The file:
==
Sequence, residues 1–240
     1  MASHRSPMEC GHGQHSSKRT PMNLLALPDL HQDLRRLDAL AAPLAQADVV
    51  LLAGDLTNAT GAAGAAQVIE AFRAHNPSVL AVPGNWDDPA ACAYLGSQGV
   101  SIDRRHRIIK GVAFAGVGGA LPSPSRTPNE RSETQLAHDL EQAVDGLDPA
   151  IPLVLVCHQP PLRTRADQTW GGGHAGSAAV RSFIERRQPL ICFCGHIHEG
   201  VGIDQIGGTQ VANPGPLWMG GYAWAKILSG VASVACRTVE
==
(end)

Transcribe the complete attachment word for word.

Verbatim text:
Sequence, residues 1–240
     1  MASHRSPMEC GHGQHSSKRT PMNLLALPDL HQDLRRLDAL AAPLAQADVV
    51  LLAGDLTNAT GAAGAAQVIE AFRAHNPSVL AVPGNWDDPA ACAYLGSQGV
   101  SIDRRHRIIK GVAFAGVGGA LPSPSRTPNE RSETQLAHDL EQAVDGLDPA
   151  IPLVLVCHQP PLRTRADQTW GGGHAGSAAV RSFIERRQPL ICFCGHIHEG
   201  VGIDQIGGTQ VANPGPLWMG GYAWAKILSG VASVACRTVE